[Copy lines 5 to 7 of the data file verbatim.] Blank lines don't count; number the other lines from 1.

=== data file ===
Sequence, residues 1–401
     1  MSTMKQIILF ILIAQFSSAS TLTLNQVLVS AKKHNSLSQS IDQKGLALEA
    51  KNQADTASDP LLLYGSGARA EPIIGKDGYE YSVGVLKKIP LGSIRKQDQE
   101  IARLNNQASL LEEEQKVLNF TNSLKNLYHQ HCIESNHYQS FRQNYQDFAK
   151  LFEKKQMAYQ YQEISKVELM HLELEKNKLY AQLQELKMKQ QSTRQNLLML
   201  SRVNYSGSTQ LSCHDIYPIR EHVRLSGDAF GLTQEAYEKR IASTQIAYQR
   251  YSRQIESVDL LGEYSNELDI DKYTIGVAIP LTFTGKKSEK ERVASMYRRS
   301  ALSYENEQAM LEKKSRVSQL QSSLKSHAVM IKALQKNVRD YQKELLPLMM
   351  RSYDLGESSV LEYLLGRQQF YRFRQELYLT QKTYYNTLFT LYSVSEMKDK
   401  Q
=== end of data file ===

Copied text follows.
   151  LFEKKQMAYQ YQEISKVELM HLELEKNKLY AQLQELKMKQ QSTRQNLLML
   201  SRVNYSGSTQ LSCHDIYPIR EHVRLSGDAF GLTQEAYEKR IASTQIAYQR
   251  YSRQIESVDL LGEYSNELDI DKYTIGVAIP LTFTGKKSEK ERVASMYRRS